If there is a chance that someone can be offended at one of our family functions, it will happen. There are enough of us to almost guarantee that at one point or another, someone is going to say something that pisses off someone else. There may be immediate words, there may be whispered, "WTF"s, in some cases there might even be violence.
My youngest sister's wedding was exactly what I'm talking about and certainly no exception. All bridesmaids (4 sisters and a sister in law), groomsmen, and parents were to attend. Also included in our lovely bunch of coconuts were the spouses and significant others who were foolish enough to get sucked into the family fracas. Everything started out nicely enough. There were carts, coolers, and a general sense of good cheer. There were balls. What isn't better with balls? Nothing, I say.
I can't tell you exactly when things made a turn for ugly, but I can tell you where. Hole Three. While we made our way through holes one and two, the topic turned to mustache rides, as it does. What? I suppose we're the only ones who talk about this stuff? Highly unlikely. Now, for those of you not familiar with the term; A mustache ride is one of those fun little euphemisms for oral sex where the woman (presumably) rides the bushy mustache of a man (presumably).
It's important that you understand that no one biologically related to anyone at the outing was offering or soliciting mustache rides. Much like we don't tip cows, we also don't swim in the family gene pool. It's also worth noting that my family tends to have dark hair. The darker the hair, even among the women, the higher the probability that at some point in your life you will sport a visible mustache. Giggle if you want, but ask your cosmetologist sometime... wax isn't just for eyebrows and cha-chas.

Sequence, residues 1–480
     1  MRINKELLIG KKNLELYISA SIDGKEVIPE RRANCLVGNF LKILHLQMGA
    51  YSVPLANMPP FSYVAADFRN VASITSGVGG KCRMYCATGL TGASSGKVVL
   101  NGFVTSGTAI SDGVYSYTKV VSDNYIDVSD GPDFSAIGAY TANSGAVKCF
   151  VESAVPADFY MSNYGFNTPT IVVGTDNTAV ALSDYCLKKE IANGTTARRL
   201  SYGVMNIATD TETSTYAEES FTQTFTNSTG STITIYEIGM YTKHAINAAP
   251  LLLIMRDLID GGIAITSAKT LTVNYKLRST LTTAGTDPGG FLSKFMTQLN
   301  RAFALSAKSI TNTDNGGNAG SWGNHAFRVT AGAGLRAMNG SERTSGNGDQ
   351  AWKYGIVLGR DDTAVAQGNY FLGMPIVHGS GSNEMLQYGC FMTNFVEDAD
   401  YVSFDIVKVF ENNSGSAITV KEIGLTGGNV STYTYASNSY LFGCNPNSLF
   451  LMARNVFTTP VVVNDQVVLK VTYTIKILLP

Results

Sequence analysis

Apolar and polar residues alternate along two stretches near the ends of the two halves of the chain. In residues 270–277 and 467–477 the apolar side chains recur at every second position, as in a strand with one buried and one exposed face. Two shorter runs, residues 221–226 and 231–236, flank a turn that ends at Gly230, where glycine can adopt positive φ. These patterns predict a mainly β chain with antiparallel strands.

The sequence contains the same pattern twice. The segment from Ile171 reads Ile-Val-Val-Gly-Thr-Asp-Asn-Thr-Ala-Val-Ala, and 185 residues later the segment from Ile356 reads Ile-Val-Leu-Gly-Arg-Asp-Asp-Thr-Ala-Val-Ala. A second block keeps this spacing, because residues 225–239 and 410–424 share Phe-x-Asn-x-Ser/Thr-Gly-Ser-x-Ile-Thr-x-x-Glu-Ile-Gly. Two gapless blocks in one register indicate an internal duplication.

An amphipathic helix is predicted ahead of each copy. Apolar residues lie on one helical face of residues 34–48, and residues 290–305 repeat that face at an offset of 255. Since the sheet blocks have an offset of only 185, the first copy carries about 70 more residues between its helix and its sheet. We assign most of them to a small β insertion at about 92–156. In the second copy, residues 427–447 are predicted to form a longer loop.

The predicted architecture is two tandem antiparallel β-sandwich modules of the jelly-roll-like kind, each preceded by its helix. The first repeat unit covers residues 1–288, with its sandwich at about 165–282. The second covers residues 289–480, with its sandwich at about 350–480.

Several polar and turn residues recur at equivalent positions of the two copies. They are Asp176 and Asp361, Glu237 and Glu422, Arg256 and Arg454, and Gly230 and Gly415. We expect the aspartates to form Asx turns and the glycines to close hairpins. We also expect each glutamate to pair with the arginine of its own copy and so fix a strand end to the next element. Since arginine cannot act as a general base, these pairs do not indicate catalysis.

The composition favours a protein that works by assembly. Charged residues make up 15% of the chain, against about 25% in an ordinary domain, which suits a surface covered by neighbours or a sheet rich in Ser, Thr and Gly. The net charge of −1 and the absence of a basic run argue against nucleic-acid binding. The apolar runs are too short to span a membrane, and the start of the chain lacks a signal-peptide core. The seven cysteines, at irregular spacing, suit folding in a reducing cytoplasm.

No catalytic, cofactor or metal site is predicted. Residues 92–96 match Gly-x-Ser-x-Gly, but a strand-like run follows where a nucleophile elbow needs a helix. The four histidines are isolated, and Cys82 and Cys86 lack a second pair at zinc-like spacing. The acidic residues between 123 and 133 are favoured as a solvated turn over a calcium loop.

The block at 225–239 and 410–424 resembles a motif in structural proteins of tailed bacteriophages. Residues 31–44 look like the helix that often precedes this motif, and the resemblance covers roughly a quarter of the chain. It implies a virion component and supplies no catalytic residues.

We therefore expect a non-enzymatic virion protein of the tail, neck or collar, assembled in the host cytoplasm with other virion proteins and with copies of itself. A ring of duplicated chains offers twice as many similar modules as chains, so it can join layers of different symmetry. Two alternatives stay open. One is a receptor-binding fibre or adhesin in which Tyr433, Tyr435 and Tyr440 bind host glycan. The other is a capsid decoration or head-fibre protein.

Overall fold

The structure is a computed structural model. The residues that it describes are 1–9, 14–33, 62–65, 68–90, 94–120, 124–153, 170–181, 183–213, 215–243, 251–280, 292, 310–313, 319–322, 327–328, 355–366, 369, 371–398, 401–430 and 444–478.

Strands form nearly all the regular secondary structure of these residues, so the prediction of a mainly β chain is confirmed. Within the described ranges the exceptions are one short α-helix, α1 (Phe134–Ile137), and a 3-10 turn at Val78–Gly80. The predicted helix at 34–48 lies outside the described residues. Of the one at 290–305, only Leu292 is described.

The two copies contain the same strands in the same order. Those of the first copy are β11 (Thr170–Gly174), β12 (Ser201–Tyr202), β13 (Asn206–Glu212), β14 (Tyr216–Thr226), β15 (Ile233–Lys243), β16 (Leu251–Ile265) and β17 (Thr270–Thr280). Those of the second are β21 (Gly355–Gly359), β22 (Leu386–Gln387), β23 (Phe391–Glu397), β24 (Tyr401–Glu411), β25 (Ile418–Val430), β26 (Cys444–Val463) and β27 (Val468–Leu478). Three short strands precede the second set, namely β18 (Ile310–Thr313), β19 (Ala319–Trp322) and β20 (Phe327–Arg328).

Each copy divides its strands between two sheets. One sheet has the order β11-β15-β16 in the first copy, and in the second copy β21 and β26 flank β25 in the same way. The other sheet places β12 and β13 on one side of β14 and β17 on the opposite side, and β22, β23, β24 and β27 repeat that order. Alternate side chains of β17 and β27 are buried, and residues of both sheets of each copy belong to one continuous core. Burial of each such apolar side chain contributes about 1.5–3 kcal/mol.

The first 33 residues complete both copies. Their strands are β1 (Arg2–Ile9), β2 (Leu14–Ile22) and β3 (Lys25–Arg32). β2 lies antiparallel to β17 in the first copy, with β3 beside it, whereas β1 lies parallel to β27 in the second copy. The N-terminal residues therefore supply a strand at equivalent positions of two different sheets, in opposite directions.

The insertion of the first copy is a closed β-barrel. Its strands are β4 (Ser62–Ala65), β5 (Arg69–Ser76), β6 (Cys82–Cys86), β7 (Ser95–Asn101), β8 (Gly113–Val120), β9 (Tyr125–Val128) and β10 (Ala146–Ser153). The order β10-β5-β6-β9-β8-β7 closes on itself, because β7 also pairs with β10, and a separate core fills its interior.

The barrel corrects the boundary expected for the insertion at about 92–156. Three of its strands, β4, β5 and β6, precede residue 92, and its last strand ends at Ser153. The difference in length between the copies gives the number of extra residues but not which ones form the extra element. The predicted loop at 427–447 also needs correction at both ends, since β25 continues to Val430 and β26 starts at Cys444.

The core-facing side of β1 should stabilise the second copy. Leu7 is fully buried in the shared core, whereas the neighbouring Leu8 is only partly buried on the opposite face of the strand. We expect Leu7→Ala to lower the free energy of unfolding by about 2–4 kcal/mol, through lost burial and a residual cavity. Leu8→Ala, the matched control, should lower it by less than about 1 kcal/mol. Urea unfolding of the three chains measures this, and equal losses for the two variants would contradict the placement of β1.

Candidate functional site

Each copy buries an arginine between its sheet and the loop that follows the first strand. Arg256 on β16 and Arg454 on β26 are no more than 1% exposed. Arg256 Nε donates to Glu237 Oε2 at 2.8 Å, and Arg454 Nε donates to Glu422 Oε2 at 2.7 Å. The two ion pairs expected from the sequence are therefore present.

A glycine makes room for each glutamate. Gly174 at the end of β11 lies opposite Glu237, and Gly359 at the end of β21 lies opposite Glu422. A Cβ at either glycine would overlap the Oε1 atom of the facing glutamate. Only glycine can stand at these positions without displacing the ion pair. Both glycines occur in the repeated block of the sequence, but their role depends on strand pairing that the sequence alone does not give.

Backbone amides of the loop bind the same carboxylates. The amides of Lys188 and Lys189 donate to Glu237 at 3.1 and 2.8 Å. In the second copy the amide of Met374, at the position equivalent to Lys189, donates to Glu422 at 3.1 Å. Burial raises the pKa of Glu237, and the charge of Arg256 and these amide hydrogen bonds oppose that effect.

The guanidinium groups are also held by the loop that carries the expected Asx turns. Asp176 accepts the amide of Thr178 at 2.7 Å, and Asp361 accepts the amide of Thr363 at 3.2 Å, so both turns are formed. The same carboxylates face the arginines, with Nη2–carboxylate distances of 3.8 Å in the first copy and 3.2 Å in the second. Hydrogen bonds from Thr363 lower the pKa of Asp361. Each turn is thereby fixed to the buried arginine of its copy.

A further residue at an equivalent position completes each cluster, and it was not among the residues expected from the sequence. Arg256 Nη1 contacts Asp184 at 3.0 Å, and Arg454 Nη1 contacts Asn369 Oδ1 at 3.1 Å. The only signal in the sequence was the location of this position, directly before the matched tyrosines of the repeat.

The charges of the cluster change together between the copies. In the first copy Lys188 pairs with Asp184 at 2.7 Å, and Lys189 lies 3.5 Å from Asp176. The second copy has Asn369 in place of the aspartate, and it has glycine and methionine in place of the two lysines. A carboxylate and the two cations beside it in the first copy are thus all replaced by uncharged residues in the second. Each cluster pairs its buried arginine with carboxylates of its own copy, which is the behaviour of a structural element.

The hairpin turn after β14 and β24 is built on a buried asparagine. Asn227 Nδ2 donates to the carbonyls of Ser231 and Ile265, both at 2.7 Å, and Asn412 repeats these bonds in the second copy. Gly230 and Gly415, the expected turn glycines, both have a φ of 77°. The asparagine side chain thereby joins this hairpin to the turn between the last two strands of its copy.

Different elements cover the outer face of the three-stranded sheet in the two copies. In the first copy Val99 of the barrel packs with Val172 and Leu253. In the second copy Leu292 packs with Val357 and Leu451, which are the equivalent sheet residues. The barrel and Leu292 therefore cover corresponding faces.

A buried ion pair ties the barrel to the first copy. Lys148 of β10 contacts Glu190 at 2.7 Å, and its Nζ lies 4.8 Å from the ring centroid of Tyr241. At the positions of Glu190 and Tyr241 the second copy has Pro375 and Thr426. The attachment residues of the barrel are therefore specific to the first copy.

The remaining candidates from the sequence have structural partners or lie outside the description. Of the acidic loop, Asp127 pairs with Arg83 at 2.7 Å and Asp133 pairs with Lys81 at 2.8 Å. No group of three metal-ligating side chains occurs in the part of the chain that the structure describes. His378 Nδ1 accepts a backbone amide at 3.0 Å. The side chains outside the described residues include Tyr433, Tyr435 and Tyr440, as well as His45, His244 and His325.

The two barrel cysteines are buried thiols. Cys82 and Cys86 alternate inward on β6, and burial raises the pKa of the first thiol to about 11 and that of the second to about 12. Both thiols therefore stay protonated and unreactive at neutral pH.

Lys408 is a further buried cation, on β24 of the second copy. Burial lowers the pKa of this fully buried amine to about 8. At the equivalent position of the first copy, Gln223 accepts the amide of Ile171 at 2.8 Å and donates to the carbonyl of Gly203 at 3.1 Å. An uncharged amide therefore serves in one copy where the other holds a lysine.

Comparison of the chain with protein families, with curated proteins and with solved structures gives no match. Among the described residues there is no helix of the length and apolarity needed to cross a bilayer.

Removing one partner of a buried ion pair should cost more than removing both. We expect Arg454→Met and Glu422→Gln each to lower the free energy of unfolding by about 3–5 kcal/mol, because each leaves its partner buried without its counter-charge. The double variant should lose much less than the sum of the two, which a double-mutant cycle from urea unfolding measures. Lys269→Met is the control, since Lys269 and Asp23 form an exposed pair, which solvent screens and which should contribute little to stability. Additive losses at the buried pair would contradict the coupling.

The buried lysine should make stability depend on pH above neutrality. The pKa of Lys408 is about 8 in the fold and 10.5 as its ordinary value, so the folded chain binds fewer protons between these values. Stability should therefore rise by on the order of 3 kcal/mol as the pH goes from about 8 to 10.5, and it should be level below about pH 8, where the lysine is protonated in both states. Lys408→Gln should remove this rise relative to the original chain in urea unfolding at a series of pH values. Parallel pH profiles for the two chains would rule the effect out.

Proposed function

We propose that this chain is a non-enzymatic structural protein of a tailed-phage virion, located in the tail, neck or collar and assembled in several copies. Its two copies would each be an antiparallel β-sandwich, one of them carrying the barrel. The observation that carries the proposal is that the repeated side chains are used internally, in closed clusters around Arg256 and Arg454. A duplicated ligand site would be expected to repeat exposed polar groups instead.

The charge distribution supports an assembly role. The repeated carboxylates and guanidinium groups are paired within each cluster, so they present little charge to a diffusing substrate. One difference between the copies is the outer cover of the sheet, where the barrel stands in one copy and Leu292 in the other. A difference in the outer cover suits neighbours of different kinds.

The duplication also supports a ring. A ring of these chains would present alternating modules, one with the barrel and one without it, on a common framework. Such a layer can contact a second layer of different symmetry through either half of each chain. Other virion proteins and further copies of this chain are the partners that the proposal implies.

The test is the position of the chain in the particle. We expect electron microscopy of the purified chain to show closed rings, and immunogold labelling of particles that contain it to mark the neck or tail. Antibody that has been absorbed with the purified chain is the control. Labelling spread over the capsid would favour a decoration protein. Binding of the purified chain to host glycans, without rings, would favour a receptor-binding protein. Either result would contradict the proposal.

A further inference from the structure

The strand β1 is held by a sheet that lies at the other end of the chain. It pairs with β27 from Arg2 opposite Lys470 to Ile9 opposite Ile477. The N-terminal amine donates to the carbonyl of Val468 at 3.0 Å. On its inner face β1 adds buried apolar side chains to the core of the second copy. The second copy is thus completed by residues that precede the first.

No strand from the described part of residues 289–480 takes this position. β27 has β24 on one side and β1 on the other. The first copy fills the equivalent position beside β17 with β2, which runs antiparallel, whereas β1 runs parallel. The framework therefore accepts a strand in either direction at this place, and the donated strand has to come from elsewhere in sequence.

I digress... we were approaching the third tee when one of the party (now former brother-in-law) said, "What's a mustache ride?"
My sister, sitting next to him on the slow moving cart, laughed. I walked casually along side, and as they slowed I turned to her and said, "Why don't you show him? You've got a mustache!"
I was fortunate to get mostly out of the way before she flung herself at me. She caught me by the shoulder and spun me around. The look was a mixture of fury and hysterical violence. If you recall the picture from an earlier post... back in 06 I didn't look like I took any crap from anyone. Though I'd never been in a chick fight, you would have put your money on me. I was um... brawny? Yeah, let's go with brawny. You would have lost. Truth is...I am a wuss. If I tried to pistol whip someone, I'd be the chick who smacked someone once then ran away, arms flailing, looking back every few seconds screaming.
No matter, after much scuffling, me trying to escape her grip, and what I'm sure looked like leg wrestling moves... she took me down. Within seconds, we were approached by our mother with a look that can only be described as murderous. We picked ourselves up off the fare way, tended to our wounds (okay I was the only one wounded), and looked apologetically at Mom (who still had her brows knitted and lips pursed so tight they were white).
As this same sister approaches her wedding day I am reminded of some critical points:
1. Don't talk about mustache rides.
2. I bruise easily.
3. I am a wimp.
4. Mustache rides are still 5 cents (I saw it on another blog so it must be true).
5. I should avoid any venue where my sister has an opportunity to kick my ass.